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What Sort of Gearing Works Best for your Needs?

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What Sort of Gearing Works Best for your Needs?

Old 10-19-21, 02:45 PM
  #176  
livedarklions
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Originally Posted by shelbyfv View Post
Sorry, I just use the ones provided. Guess I could find some fancier ones but it seems hardly worth the fuss.

Expensive Shot Emojis? K-Pop band name!
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Old 10-19-21, 04:25 PM
  #177  
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There are basically no hills here, Mostly paved overpasses, So my needs are limited as much by wind, which is probably average as hills,

On my typical 20 - 25 km casual ride I usually use only 5 of the 12 distinct, reasonably well spaced (<15% increase) gears obtained with the 3 x 7 speed drivetrain, from 49 gear inches (GI) against some wind to 78 GI, for riding speeds of between 15 kph @60 rpm cadence to 26 kph @70 rpm. That's a GI range of 160% of the 300% available. I seldom use the 89 GI high gear, And the only time I use the 30 GI cogs is climbing a short steep gravel trail near my home.

There's also an insanely low 21 GI option with the Shimano Megarange cassette that is handy for climbing that short steep gravel trail if I'm feeling lazy. But unfortunately nothing between it and 30 GI. I think I would really like something in the 25 - 26 GI range. Though it too would seldom get used.

Last edited by xroadcharlie; 10-20-21 at 07:23 AM.
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Old 10-19-21, 05:08 PM
  #178  
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I live along the southern shores of the glacially-scoured/scraped lower Great Lakes.. The only hills around here (within 25 miles) are river valleys, and even the Cuyahoga River (Cleveland) valley 25 miles south of Lake Erie is at most 200' deep. If I were to ride west from here, I could ride (and I actually have ridden) from here to Chicago - 350 miles - and not vary more than 200' in elevation. My work commute is 12.5 miles each way. The biggest 'hills' are highway and railroad overpasses, so maybe 30' of short hill-climb. So let's just say it is very flat here.

My bike gearing is - Fuji: 27x1-1/8 tires, 28/38/48 with a 13-21 six-speed freewheel. The Univega Viva Sport: 27x1-1/8 tires, 42/52 with 13-24 six-speed freewheel, and the Miyata: 700x25f/28r tires, 42/52 with a 13-21 six speed freewheel.

I generally ride in gearing that puts me somewhere between 75-85 Gear-Inches, with my normal cadence of ~90, that equates to a riding speed of right around 20-21mph. Of course the nine stop signs/stoplights tend to drop my average door-to-door speed down to around 17-18mph (42-44 minutes to ride the 12.5 miles) and that includes the slower speed for the last two miles as a 'cool-down'

BTW, this is coming from a 63+-year-old borderline 'Clyde' riding vintage steel bikes of somewhere between 24 and 30 pounds (depending on which bike I ride) as ridden including tool kit, spare tube, water bottle, pump, lights, etc.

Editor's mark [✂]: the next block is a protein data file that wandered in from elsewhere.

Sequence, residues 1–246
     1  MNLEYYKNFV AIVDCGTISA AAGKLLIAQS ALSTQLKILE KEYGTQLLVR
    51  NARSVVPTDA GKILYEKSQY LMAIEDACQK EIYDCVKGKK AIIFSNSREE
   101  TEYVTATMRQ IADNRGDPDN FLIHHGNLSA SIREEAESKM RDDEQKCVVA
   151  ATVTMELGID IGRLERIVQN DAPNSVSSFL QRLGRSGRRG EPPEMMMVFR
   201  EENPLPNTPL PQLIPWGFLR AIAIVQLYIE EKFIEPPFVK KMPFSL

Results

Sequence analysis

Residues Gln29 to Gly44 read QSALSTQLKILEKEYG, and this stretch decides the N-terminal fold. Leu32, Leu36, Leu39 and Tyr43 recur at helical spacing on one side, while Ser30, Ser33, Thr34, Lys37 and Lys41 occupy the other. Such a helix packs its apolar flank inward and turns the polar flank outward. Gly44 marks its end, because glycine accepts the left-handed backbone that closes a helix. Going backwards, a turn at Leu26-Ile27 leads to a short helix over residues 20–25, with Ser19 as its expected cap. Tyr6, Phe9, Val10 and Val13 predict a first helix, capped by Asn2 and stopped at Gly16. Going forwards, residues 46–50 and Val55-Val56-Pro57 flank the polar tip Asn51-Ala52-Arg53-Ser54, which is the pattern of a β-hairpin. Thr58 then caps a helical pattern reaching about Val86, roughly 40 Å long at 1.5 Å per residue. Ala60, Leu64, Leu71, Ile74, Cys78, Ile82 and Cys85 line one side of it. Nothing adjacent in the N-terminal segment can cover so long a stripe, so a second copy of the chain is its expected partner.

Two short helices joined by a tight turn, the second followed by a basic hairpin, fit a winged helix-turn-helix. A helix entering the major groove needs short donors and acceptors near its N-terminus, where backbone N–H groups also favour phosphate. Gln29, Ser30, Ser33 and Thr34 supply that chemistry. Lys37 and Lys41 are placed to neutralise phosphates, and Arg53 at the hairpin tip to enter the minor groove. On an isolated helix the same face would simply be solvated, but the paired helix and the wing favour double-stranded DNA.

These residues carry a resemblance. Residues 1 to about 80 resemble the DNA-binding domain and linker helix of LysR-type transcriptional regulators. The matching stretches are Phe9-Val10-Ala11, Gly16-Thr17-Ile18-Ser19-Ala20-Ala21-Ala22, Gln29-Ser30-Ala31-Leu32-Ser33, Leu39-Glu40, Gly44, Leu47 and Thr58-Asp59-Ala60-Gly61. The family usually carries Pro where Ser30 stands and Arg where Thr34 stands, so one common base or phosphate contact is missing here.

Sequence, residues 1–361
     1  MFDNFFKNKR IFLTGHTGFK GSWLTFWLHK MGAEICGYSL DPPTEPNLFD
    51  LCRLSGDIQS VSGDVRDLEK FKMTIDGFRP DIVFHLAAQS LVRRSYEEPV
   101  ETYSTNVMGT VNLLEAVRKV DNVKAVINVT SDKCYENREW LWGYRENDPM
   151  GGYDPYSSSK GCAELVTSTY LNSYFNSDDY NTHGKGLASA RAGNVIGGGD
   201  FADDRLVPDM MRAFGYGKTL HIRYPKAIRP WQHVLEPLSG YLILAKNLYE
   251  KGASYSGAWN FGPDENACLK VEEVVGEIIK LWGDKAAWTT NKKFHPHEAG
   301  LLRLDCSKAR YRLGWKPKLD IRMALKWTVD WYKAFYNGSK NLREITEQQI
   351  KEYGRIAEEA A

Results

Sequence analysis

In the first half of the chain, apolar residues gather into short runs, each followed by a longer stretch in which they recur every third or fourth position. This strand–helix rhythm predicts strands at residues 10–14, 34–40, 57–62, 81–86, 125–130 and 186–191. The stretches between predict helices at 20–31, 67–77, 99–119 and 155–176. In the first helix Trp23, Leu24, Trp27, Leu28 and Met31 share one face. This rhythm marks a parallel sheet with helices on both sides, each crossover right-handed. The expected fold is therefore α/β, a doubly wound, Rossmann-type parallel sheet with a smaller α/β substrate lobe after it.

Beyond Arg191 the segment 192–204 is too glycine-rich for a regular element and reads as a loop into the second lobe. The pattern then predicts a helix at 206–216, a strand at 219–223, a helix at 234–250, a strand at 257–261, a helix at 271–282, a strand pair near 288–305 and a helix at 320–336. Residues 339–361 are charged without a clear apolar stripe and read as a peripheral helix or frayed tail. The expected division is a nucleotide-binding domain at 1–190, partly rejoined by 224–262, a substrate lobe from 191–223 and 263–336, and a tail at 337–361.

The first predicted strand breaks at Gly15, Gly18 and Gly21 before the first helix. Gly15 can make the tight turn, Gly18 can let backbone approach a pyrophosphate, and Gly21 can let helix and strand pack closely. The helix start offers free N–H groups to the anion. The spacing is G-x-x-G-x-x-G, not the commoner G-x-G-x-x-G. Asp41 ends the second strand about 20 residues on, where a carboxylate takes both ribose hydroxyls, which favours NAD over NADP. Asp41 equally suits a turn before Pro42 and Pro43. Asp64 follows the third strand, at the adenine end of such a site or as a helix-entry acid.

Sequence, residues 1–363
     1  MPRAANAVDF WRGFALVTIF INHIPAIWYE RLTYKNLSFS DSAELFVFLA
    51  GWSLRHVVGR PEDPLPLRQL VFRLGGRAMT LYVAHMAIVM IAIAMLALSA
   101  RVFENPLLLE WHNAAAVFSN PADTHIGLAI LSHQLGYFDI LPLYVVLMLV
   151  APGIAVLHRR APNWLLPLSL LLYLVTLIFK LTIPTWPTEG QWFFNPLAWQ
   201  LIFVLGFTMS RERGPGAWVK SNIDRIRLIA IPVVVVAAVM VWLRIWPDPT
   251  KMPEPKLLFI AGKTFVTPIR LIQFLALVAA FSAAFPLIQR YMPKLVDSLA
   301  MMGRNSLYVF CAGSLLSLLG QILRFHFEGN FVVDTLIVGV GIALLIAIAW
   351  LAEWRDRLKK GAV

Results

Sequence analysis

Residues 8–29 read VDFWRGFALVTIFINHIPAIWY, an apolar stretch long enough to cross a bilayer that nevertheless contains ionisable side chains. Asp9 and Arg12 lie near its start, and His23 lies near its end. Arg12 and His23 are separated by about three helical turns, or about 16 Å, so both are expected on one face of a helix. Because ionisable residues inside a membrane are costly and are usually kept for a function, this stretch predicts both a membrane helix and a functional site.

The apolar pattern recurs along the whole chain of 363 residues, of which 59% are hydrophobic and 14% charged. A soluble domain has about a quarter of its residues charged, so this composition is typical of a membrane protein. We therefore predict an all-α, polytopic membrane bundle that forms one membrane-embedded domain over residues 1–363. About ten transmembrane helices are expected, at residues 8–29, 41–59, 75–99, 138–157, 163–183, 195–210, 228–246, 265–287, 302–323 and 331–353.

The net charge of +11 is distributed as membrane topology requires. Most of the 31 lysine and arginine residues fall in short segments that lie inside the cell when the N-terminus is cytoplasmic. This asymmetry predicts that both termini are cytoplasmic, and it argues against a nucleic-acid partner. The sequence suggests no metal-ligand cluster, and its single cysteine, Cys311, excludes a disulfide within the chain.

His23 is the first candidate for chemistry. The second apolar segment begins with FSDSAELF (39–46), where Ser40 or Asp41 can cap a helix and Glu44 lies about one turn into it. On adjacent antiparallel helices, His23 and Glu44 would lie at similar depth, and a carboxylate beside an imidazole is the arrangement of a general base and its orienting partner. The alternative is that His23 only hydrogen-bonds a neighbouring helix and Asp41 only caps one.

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Old 10-19-21, 07:51 PM
  #179  
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Originally Posted by Cougrrcj View Post
I live along the southern shores of the glacially-scoured/scraped lower Great Lakes.. The only hills around here (within 25 miles) are river valleys, and even the Cuyahoga River (Cleveland) valley 25 miles south of Lake Erie is at most 200' deep. If I were to ride west from here, I could ride (and I actually have ridden) from here to Chicago - 350 miles - and not vary more than 200' in elevation. My work commute is 12.5 miles each way. The biggest 'hills' are highway and railroad overpasses, so maybe 30' of short hill-climb. So let's just say it is very flat here.

My bike gearing is - Fuji: 27x1-1/8 tires, 28/38/48 with a 13-21 six-speed freewheel. The Univega Viva Sport: 27x1-1/8 tires, 42/52 with 13-24 six-speed freewheel, and the Miyata: 700x25f/28r tires, 42/52 with a 13-21 six speed freewheel.

I generally ride in gearing that puts me somewhere between 75-85 Gear-Inches, with my normal cadence of ~90, that equates to a riding speed of right around 20-21mph. Of course the nine stop signs/stoplights tend to drop my average door-to-door speed down to around 17-18mph (42-44 minutes to ride the 12.5 miles) and that includes the slower speed for the last two miles as a 'cool-down'

BTW, this is coming from a 63+-year-old borderline 'Clyde' riding vintage steel bikes of somewhere between 24 and 30 pounds (depending on which bike I ride) as ridden including tool kit, spare tube, water bottle, pump, lights, etc.
Sounds like you'd have a good application for a single speed, especially if you're riding solo most of the time.
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Old 10-19-21, 08:49 PM
  #180  
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We have flat, glaciated lands on the north edge of town, with modest hills in town and tumbling down about 200 feet to the river flood plain to the south and west. So some hills and some relatively flat terrain.

I wonít say itís best, but for over a year now, both my bikes have been single speed. This summer I geared down just a tad, so the road bike is about 67 gear inches and the MTB is about 64. Itís been loads of fun and definitely provides a challenge!

Otto
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Old 10-19-21, 09:56 PM